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Auto industry not a likely problem for banks in COVID-19 pandemic – experts

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Auto industry not a likely problem for banks in COVID-19 pandemic – experts

The ongoing coronavirus pandemic is putting pressure on the U.S. auto industry as vehicle demand drops and production is halted, but experts say banks giving loans in the auto sector might not face much trouble.

Experts are forecasting that auto sales will drop by millions of vehicles in 2020 as the pandemic has locked down consumers across the globe. Some automakers have tapped their credit lines to the tune of billions in cash to help weather uncertain times, though experts say such credit should be used only if companies run out of money to clear debt payments, which is an unlikely scenario.

Even with temporary production shutdowns in North America, automakers are likely to continue paying their bills, experts say.

"Lots of furloughs and temporary plant closures and things like that, but I haven't heard that they're desperate and running out of money either," said Stephen Biggar, director of financial institutions research for Argus Research.

As of Dec. 31, 2019, Wells Fargo & Co. had the largest amount of outstanding transportation-related loans, with $26.95 billion in automobile-related and transportation services, according to data compiled by S&P Global Market Intelligence.

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A Wells Fargo spokesperson said the majority of its auto business is indirect auto lending, or car loans consumers receive at a dealership. On the commercial side, the bank provides financial services to auto dealers. The spokesperson declined to respond to specific questions as the bank is in a quiet period before the release of first-quarter earnings April 14.

Comerica Inc. had the second-highest amount of outstanding transportation loans with $8.66 billion in the automotive sector, according to Market Intelligence data. A Comerica spokesperson declined to comment, citing the company's quiet period before first-quarter earnings April 21.

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Automakers are going to struggle in 2020, but the magnitude of impact on auto sales in the second half of the year remains unclear, according to Gerard Cassidy, managing director, head of U.S. bank equity strategy and large-cap bank analyst for RBC Capital Markets.

Cassidy expects a rise in credit delinquencies and defaults on all loans because of a forecast economic downturn, and this includes the auto sector.

"It's too early to tell what these loans will look like at the end of the year," Cassidy said. "Clearly, if annual sales of autos stays depressed, the automobile companies will have to make some changes in the way they run their business that could hopefully offset revenue shortfall."

A point of concern for the banks would be a possible lack of revival in auto sales, Cassidy said. However, he added that bank loans have a higher priority in the capital stack, which means they have maximum protection from nonpayment.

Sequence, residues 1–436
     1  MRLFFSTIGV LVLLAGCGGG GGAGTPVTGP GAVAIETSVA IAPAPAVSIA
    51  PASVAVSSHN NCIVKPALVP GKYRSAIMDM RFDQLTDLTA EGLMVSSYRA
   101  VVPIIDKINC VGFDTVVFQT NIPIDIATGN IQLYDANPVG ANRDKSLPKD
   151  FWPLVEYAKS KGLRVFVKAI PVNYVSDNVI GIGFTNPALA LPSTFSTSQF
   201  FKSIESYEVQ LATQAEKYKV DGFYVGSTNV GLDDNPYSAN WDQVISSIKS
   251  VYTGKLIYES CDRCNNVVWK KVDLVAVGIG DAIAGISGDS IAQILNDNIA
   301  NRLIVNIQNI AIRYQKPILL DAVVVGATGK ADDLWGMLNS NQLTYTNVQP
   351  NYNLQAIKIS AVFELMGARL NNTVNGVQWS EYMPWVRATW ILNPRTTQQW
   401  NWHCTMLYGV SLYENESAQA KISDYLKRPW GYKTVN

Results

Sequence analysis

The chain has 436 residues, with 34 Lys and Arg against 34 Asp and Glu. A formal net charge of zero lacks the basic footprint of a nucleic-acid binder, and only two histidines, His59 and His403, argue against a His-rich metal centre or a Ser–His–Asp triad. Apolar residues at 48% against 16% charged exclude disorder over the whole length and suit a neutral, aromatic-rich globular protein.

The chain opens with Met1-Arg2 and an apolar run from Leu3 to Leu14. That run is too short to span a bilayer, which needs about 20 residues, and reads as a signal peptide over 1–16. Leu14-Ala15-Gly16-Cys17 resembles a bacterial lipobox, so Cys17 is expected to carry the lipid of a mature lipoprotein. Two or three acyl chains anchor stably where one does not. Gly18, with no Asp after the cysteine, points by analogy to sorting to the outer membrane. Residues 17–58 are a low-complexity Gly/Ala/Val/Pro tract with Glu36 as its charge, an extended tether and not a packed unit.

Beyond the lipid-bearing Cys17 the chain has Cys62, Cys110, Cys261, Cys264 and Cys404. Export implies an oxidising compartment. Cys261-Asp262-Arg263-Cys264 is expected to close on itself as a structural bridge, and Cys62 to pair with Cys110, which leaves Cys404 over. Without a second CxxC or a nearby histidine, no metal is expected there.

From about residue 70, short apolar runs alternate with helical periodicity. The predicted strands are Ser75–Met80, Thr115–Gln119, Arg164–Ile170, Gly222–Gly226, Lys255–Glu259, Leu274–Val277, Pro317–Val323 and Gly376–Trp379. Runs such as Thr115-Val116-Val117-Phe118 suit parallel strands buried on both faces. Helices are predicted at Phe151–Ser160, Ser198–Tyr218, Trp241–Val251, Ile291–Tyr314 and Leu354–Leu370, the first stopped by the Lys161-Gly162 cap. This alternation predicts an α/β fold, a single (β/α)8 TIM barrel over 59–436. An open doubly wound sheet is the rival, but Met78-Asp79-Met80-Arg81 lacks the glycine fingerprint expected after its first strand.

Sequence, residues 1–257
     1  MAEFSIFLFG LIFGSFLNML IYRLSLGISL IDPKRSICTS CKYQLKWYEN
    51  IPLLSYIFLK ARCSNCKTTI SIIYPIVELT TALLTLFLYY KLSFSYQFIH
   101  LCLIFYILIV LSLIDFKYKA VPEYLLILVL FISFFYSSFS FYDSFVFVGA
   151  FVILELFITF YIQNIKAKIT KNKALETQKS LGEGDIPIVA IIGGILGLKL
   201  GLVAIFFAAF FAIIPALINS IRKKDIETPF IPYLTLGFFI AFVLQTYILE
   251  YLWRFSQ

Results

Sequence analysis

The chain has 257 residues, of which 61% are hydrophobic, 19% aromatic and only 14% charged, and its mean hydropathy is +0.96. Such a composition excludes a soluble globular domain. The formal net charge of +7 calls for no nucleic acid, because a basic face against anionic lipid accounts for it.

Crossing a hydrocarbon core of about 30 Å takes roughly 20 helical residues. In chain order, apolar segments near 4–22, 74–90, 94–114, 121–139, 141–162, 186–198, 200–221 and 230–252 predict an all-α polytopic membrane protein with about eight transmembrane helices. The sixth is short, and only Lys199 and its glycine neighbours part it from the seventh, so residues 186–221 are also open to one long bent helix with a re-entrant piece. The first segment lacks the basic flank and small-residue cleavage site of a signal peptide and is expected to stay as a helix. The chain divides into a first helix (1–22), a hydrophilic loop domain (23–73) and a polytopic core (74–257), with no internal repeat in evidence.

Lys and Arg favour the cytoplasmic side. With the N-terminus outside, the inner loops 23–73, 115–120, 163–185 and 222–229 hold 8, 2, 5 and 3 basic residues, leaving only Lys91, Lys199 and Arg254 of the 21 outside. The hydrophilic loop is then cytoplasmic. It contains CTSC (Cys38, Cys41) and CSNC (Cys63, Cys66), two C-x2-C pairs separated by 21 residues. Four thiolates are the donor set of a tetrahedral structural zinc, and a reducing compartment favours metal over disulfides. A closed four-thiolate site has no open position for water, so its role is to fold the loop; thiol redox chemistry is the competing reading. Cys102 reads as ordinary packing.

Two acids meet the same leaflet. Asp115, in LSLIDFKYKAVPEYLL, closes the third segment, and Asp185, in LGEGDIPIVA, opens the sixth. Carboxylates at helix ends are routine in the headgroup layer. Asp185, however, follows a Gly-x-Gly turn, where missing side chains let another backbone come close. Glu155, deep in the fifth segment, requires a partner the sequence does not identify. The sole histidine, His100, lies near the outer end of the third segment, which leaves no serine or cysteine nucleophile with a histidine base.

"It's right now not the focus of real concern, but again, if the second half of the year proves to be recessionary, then yes, this will be a problem for the banks," he said.

U.S. auto sales could fall to 14.4 million vehicles in 2020, down about 15.3% year over year, according to a March 25 report from IHS Markit. The analytics firm had previously forecast about 16.8 million vehicles sold in the U.S. in 2020.

An important indicator to gauge the strength of companies in the auto sector is credit ratings, in addition to the position of balance sheets and other sources of income, Argus Research's Biggar said.

Ford Motor Co. said March 19 that it notified lenders about borrowing the total unused amounts against two lines of credits, including $13.4 billion under Ford's corporate credit facility and $2 billion under the company's supplemental credit facility. The cash will help offset financial impacts from the temporary production shutdowns, Ford said. General Motors Co. also said it would draw down approximately $16 billion from its revolving credit facilities, adding that the funds would supplement the automaker's cash position of about $15 billion to $16 billion expected at the end of March.

On March 25, S&P Global Ratings downgraded Ford to BB+ from BBB- and placed the automaker on CreditWatch Negative. The rating agency also placed GM, Toyota Motor Corp., Nissan Motor Co. Ltd. and Honda on CreditWatch Negative because of the pandemic. The rating agency said it expects to resolve the CreditWatch placements over the next 90 days once there is a better understanding of how long vehicle demand and production will remain curtailed.

Eric Compton, an equity analyst at Morningstar, said banks also lend to auto dealers for floor plan financing, which allows dealers to borrow against retail inventory, but those portfolios are usually pretty small. They are also typically backed by the collateral of the vehicles, he said.

"Maybe as auto dealers are under more pressure from a lack of sales in the short term, you'll see some defaults here," he said, adding that it will not be a "make or break" moment for banks, such as Wells Fargo or Comerica.

Banks are diversified across a range of sectors, which helps curb their vulnerability to any one industry, Biggar said.

"They manage their loan portfolio, so it doesn't get too much concentration in one area without finding buyers or selling off chunks of it or insuring against it or hedging," he said. "That's just a routine part of bank loan portfolio management."

This S&P Global Market Intelligence news article may contain information about credit ratings issued by S&P Global Ratings. Descriptions in this news article were not prepared by S&P Global Ratings.